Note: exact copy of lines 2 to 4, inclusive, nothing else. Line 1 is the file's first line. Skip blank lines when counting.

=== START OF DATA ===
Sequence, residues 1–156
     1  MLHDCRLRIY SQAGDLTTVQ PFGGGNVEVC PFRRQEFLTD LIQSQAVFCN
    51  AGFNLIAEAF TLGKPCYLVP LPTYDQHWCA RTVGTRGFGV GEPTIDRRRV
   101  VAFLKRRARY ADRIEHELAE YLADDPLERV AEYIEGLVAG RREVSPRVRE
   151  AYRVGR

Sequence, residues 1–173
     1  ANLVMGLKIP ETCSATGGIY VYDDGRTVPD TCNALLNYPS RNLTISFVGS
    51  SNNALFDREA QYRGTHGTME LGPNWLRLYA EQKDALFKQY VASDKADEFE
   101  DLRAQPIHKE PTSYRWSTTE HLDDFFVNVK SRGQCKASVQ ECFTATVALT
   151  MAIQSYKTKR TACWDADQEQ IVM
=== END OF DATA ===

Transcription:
     1  MLHDCRLRIY SQAGDLTTVQ PFGGGNVEVC PFRRQEFLTD LIQSQAVFCN
    51  AGFNLIAEAF TLGKPCYLVP LPTYDQHWCA RTVGTRGFGV GEPTIDRRRV
   101  VAFLKRRARY ADRIEHELAE YLADDPLERV AEYIEGLVAG RREVSPRVRE